GIVING KNOWLEDGE: International Humanitarian Law

How does Humanitarian Law adapt to new developments and what is the ICRC's role in the process? International humanitarian law is developed by States through codification or State practice. These two processes usually overlap.


Widespread practice of States may crystallize customary international law It is also State practice, sometimes combined with the activities of non-governmental organizations (NGOs), which may trigger the codification of international law. Codification takes the form of treaties, such as conventions, covenants, protocols, or pacts. For example, a number of States had already passed national legislation which implicitly or explicitly prohibited the use of anti-personnel mines. Yet that practice was not widespread and therefore no customary law had formed. Then in 1997 a conference was convened to develop a specific convention, and the use, stockpiling, production and transfer of anti personnel mines became prohibited for all States which ratified the treaty.

The ICRC's role in the development of humanitarian law is to:
· monitor the changing nature of armed conflict;
· organise consultations with a view to ascertaining the possibility of reaching agreement on new rules;
· prepare draft texts for submission to diplomatic conferences.

The example of the two Protocols additional to the Geneva Conventions gives an idea of how humanitarian law is made from the initial idea to its adoption: . on the basis of draft rules prepared in 1956, then of resolutions adopted in the 1960s by two International Conferences of the Red Cross and by the International Human Rights Conference held in Tehran in 1968, the ICRC studied the possibility of supplementing the Conventions adopted in 1949;

. in 1969 the ICRC submitted that idea to the 21st International Conference of the Red Cross, in Istanbul; the participants, including the States party to the Geneva Conventions, mandated it accordingly and the ICRC's own lawyers embarked on the preparatory work;
· between 1971 and 1974, the ICRC organized several consultations with governments and the Movement; the United Nations was regularly given progress reports;
· in 1973 the 22nd International Conference of the Red Cross, in Tehran, considered the draft texts and fully supported the work done;
· in February 1974 the Swiss Government, as depositary of the 1949 Geneva Conventions, convened the Diplomatic Conference on the reaffirmation and development of international humanitarian law applicable in armed conflicts, in Geneva; it comprised four sessions and ended in June 1977;
· at the final session of that Conference, the 102 articles of Protocol I and the 28 articles of Protocol 11 were adopted by the plenipotentiaries of the 102 States represented.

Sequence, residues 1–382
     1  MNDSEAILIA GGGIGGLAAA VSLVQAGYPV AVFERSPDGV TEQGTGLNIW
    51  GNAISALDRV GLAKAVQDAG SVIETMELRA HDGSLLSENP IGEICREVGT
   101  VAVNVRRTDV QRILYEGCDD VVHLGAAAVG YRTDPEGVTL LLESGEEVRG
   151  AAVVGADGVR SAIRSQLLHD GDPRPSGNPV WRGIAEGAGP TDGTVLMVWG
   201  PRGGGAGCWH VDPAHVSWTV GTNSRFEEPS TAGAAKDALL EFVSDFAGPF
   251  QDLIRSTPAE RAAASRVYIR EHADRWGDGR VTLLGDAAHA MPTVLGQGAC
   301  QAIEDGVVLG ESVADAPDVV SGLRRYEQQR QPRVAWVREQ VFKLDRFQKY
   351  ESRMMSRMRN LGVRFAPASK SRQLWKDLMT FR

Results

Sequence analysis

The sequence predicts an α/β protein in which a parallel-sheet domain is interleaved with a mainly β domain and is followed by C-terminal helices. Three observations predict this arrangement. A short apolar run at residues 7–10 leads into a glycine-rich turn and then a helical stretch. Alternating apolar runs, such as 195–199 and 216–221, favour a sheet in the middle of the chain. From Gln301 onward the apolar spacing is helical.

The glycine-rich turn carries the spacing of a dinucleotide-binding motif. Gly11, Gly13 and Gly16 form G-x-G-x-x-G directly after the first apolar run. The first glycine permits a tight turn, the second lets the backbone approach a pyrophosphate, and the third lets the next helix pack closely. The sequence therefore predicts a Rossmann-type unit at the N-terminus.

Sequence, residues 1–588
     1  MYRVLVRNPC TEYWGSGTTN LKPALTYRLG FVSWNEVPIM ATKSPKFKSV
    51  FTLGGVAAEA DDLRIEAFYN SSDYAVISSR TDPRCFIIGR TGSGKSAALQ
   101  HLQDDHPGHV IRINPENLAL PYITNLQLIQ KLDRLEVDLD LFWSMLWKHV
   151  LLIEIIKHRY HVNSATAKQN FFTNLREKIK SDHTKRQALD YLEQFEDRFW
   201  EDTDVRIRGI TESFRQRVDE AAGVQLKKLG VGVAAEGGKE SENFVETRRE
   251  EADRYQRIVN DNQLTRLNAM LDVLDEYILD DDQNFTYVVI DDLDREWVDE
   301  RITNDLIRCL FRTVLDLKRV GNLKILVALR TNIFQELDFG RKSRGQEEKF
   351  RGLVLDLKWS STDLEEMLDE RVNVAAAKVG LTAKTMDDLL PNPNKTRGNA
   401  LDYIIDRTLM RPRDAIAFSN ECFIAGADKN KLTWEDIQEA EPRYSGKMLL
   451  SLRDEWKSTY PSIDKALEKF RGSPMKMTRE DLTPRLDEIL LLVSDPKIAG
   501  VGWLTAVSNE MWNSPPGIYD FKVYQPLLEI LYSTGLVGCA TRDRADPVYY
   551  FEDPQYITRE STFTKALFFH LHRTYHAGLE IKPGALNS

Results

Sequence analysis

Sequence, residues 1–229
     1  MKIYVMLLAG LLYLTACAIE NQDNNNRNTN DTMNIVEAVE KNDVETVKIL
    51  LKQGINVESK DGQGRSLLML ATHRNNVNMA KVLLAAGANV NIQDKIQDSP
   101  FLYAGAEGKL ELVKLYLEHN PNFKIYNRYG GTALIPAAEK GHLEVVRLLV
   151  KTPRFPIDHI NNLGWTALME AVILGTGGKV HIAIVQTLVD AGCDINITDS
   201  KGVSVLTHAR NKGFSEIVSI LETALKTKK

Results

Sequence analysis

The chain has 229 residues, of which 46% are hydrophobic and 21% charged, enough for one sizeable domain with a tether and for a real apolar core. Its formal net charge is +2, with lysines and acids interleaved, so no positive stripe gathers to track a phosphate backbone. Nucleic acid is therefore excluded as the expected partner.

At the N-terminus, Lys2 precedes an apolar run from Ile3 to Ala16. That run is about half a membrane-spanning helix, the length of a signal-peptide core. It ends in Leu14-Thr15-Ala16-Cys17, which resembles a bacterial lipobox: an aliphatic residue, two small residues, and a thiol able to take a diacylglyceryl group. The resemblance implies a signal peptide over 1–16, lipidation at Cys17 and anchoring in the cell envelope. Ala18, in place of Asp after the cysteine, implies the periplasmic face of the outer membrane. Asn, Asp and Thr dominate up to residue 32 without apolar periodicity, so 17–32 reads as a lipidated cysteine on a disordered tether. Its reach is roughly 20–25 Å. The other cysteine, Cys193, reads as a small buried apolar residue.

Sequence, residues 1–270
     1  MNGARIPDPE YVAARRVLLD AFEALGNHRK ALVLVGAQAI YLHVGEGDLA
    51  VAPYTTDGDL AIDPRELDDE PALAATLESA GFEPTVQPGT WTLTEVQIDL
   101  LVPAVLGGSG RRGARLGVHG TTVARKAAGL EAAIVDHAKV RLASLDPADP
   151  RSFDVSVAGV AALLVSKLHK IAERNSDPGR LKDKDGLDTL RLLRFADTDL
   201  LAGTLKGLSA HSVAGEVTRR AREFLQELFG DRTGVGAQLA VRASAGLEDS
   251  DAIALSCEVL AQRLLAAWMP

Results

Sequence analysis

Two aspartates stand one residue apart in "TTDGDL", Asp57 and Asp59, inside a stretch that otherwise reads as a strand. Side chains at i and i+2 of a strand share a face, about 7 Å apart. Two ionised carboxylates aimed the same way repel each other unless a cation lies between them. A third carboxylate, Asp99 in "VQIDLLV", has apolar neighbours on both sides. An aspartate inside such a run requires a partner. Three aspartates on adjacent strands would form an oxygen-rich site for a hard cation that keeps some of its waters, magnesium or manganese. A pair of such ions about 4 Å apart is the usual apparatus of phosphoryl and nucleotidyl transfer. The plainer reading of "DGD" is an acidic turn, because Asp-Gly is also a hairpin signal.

What does Humanitarian Law provide for in terms of material assistance to the victims of armed conflict?
The States party to the Geneva Conventions recognizes the right of victims of armed conflicts to receive supplies indispensable to their survival. That right was further developed with the adoption of the Additional Protocols in 1977.

In an international armed conflict, the right to assistance includes in particular:
. Free passage for consignments of certain objects necessary to the survival of the civilian population (Art. 23, Fourth Convention, drafted to deal with blockades);
. The duty of the Occupying Power to ensure essential supplies to the population of territories it occupies (Art. 55, Fourth Convention); if its own supplies are inadequate, the Occupying Power must agree to relief provided by outside sources (Art. 59, Fourth Convention).
Protocol I (Arts. 69 and 70) strengthens the body of rules adopted in 1949. For instance, a State at war must accept impartial humanitarian relief schemes carried out without discrimination for the population on its own territory, subject to the agreement of the parties concerned. If those conditions are met, however, it would be wrong to refuse such relief schemes, which are regarded neither as interference in the armed conflict nor as hostile acts.

In a non-international armed conflict, Protocol 11 (Art. 18) specifies, among other things, that if the civilian population is suffering excessive deprivation owing to a lack of supplies essential to its survival, relief actions which are of an exclusively humanitarian and impartial nature and conducted without any adverse distinction must be undertaken subject to the consent of the warring parties. It is now generally recognized that the State must authorize purely humanitarian relief operations of this nature.

The ICRC and the right to assistance
The ICRC in any case has a right of initiative that enables it to offer its services to parties in conflict, in particular with a view to assisting the victims. Its offer of assistance (relief or other activities) does not constitute interference in the internal affairs of a state, since it is provided for in humanitarian law.
Humanitarian law and the "right to intervene on humanitarian grounds"

In so far as a "right - or even a duty - to intervene" is tantamount to justifying armed intervention undertaken for humanitarian reasons, this is a matter not for humanitarian law but for the rules on the legality of the use of armed force in international relations, i.e. of jus ad bellurn.
If there is armed intervention on humanitarian grounds, the ICRC must in accordance with its mandate ensure that those engaged in the intervention observe the relevant rules of IHL; it must also endeavour to aid the victims of the conflict.

The ICRC is neither for nor against the "right to intervene". In the light of its own experience, the issue is a political one in which the ICRC cannot become involved without jeopardizing its humanitarian work.

Von: 22.6.2006 By Sayoh Kamara, AWARENESS TIMES Sierra Leone News & Information

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